by Steven R. Corman
At his final news conference yesterday President Bush responded to a question about whether the nation’s image needs repairing given the “damage that Gitmo, that harsh interrogation tactics thatÂ [members of the incoming administration] consider torture, how going to war in Iraq without a UN mandate have damaged America’s moral standing in the world.”Â He said:
I strongly disagree with the assessment that our moral standing has been damaged.Â It may be damaged amongst some of the elite, but people still understand America stands for freedom, that America as a country provides such great hope.
(of a person, institution, or written work) The quality or characteristic of being respected for having good character or knowledge, especially as a source of guidance or an exemplar of proper conduct.
Anyone who doesn’t recognize that, at present, the rest of the world respects us less, questions our character more, and sees us as a lesser source of guidance is simply refusing to let facts get in the way of their opinions.
The downturn has been well-documented over recent years in research by the Pew Global Attitudes Project.Â Last month Pew published a summary of their studies entitled Global Public Opinion in the Bush Years.Â In it they present a graph (shown here) that is pretty hard to reconcile with the President’s strong disagreement.Â It shows an average drop of 28% in favorability ratings of the U.S. in European countries since 2000.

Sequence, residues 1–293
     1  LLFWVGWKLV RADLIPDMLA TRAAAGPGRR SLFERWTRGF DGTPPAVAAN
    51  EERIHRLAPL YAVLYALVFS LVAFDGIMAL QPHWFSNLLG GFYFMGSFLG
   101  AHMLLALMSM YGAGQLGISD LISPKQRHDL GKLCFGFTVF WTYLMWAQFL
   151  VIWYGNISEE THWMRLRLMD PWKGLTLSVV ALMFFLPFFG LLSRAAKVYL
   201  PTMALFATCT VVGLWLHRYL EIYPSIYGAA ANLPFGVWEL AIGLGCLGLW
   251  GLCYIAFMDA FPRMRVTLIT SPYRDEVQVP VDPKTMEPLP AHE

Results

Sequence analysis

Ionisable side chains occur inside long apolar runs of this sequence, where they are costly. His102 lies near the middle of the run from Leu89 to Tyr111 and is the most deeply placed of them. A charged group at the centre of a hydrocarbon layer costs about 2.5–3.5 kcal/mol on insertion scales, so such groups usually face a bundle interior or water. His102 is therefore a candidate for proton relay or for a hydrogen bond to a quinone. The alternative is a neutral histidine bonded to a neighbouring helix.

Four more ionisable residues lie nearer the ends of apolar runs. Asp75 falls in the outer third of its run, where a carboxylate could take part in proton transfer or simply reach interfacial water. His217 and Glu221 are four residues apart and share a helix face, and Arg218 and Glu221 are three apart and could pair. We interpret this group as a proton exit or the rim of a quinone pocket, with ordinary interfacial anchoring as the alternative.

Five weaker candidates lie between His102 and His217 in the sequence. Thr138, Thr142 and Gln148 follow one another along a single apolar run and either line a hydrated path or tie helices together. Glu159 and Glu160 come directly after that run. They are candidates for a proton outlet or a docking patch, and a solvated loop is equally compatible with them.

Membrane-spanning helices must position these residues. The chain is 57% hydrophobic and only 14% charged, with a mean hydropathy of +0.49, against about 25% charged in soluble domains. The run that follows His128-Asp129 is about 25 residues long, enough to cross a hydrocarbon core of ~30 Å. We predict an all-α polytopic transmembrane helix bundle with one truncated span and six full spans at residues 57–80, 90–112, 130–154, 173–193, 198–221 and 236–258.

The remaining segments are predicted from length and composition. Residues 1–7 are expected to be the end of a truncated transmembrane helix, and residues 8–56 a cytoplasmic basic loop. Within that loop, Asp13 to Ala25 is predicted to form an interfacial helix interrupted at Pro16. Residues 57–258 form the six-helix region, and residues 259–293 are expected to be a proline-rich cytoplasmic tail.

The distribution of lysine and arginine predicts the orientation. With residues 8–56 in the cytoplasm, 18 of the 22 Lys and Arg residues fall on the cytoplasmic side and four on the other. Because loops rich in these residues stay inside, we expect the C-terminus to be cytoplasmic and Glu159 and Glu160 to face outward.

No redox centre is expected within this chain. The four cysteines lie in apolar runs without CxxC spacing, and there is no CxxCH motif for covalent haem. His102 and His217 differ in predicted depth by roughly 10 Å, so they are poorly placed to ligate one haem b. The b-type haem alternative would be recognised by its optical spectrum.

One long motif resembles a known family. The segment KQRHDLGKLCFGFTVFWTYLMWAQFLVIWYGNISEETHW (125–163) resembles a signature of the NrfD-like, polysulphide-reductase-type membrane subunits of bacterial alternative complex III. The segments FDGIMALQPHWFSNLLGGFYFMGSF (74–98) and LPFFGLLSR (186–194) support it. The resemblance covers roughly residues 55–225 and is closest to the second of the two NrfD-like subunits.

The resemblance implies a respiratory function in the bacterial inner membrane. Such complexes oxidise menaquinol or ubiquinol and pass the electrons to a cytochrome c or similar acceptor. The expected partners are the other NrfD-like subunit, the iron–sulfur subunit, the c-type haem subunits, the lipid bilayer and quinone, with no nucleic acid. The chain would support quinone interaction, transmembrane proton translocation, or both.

And the problem is not just in Old Europe or among “some of the elite.”Â The Pew surveys were based on data from a total of 175,000 respondents in 54 nations and the Palestinian territories.Â Â So “the U.S. image abroad is suffering almost everywhere.”Â The report goes on to explain that
Mounting discontent with U.S. foreign policy over the last eight years has translated into a concern about American power. In the view of much of the world, the United States has played the role of bully in the school yard, throwing its weight around with little regard for others’ interests.
The research shows that there is some truth to the President’s statement in that foreigners still have some hopeful feelings about us:
For many people from all over the world, America is still the land of opportunity. …Most countries surveyed in 2008 give America high marks for its respect for the personal freedoms of its people. … Also, the American people continue to evoke far more positive reviews in many countries than does their country.
But it’s a mistake to think these positive views somehow obviate the negative ones.
Recognizing problems is the first step in taking action to correct them.Â I think the new leadership does recognize them, and will be able to capitalize on the hopeful attitudes toward the U.S. also noted in the Pew report in order to begin turning things around.